We use cookies to ensure that we give you the best experience on our website. By continuing to browse this repository, you give consent for essential cookies to be used. You can read more about our Privacy and Cookie Policy.

Durham e-Theses
You are in:

An investigation into the effects of the Victorian notions of duty and obedience on the domestic novels of Charlotte Mary Yonge.

Innerd, J. A. (1973) An investigation into the effects of the Victorian notions of duty and obedience on the domestic novels of Charlotte Mary Yonge. Doctoral thesis, Durham University.



Charlotte Mary Yonge wrote a number of domestic novels, between 1844 and 1901, sixteen of which are considered in this thesis. They accurately portray contemporary Victorian middle-class life and attempt, by means of lessons in moral behaviour, to instruct the reader in the importance of duty and obedience. These notions were given particular religious emphasis by Evangelicals and Tractarians respectively and were widely accepted as part of the moral code in Victorian society.
The early novels take up problems which can befall adolescents; great emphasis is given to the importance of the duty to obey parental wishes. The Heir of Redclyffe contrasts the courtships of two couples whose understanding of the requirements of duty and obedience to parents are very different. Three novels examine women's responsibilities and contrast the behaviour of a number of women characters. Written in three different decades, these novels show that Charlotte Yonge came to disapprove of a new modern code of behaviour for women. A group of novels identified as family chronicles each portray a large family with several adolescent members who respond in different ways to the extra domestic responsibilities which they must assume on the death of one or both parents.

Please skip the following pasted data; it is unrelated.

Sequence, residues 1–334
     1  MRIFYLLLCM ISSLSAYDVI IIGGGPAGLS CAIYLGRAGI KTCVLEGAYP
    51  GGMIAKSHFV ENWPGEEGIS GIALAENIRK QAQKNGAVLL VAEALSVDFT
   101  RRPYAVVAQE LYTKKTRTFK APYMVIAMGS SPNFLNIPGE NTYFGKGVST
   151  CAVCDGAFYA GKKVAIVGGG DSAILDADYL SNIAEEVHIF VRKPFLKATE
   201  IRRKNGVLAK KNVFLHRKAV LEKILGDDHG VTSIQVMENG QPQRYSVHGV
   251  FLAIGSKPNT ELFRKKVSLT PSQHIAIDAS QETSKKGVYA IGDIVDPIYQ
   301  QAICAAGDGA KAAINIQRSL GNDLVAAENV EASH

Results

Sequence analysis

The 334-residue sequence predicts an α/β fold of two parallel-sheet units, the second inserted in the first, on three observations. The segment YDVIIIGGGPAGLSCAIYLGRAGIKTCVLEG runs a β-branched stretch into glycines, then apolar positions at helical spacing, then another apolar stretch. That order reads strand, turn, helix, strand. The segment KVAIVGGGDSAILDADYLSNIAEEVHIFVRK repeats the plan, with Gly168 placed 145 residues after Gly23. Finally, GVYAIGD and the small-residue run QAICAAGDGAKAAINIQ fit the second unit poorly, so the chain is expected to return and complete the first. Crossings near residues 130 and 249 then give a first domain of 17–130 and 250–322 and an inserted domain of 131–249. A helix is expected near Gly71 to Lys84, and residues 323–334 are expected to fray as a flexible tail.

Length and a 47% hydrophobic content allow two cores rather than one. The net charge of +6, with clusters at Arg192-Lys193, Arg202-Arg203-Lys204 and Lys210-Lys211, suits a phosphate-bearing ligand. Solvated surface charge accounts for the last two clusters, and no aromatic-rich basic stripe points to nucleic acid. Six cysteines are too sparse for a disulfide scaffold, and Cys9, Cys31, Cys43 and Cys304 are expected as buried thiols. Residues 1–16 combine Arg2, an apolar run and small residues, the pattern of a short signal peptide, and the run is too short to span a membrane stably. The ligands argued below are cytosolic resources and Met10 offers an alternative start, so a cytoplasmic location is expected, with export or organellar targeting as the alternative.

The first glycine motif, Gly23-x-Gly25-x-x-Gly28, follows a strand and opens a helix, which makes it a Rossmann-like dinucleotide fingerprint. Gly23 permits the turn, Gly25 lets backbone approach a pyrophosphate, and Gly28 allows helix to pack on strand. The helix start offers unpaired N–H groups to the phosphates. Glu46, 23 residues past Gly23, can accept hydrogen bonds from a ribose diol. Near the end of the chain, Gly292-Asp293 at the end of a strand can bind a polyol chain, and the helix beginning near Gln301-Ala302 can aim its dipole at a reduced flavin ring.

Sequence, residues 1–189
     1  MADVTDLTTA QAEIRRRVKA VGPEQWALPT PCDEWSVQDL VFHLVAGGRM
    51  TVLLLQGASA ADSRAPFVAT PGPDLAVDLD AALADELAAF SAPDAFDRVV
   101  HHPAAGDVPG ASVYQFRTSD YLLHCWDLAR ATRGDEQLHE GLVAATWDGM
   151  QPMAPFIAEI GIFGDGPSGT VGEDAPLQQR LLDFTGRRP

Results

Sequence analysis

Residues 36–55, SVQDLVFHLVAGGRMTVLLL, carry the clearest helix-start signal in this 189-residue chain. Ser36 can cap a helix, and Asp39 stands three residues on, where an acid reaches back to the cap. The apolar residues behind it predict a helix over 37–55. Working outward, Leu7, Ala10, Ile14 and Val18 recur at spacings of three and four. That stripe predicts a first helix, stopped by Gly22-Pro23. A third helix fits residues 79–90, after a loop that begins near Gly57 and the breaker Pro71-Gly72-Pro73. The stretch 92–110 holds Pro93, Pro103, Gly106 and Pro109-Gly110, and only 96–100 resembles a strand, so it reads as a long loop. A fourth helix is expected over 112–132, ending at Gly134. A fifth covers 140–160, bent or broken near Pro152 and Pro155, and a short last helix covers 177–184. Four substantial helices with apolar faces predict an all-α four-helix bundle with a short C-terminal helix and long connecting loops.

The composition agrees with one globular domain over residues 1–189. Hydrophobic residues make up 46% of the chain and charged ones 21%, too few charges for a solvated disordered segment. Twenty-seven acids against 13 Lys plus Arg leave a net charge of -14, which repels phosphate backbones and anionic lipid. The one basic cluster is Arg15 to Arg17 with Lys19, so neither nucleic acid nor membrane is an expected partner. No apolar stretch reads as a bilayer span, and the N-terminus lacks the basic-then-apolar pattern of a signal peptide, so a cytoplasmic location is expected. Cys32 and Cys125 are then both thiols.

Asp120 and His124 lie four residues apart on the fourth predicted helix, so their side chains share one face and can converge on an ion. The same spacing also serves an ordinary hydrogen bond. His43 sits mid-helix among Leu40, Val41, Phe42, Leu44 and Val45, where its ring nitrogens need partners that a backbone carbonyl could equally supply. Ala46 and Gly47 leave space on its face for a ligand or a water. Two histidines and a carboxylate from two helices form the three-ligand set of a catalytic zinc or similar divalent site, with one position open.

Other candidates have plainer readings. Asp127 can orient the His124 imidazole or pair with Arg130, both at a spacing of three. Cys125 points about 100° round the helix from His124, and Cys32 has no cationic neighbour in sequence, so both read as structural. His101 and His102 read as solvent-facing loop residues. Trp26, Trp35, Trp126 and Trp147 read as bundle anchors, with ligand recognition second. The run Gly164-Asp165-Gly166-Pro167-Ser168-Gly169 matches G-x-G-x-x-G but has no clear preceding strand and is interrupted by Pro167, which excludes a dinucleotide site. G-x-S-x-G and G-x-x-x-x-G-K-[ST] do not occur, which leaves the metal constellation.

The later novels show the effects of a much changed society on Miss Yonge's literary technique. The requirements of duty and obedience as she understood them were no longer applicable in a contemporary setting. Eventually the overall effect of the notions was detrimental to Charlotte Yonge's domestic fiction. She could not adapt the notions to a changing Victorian society nor could she abandon the necessity of teaching a lesson in moral behaviour. Her best novels were written when she was in agreement with prevalent opinion as regards behaviour. Charlotte Yonge was a good storyteller but not a great writer.

Item Type:Thesis (Doctoral)
Award:Doctor of Philosophy
Keywords:Philosophy Religion Sociology Human services
Faculty and Department:Faculty of Arts and Humanities > English Studies, Department of
Thesis Date:1973
Copyright:Copyright of this thesis is held by the author
Deposited On:26 Jul 2011 18:02

Social bookmarking: del.icio.usConnoteaBibSonomyCiteULikeFacebookTwitter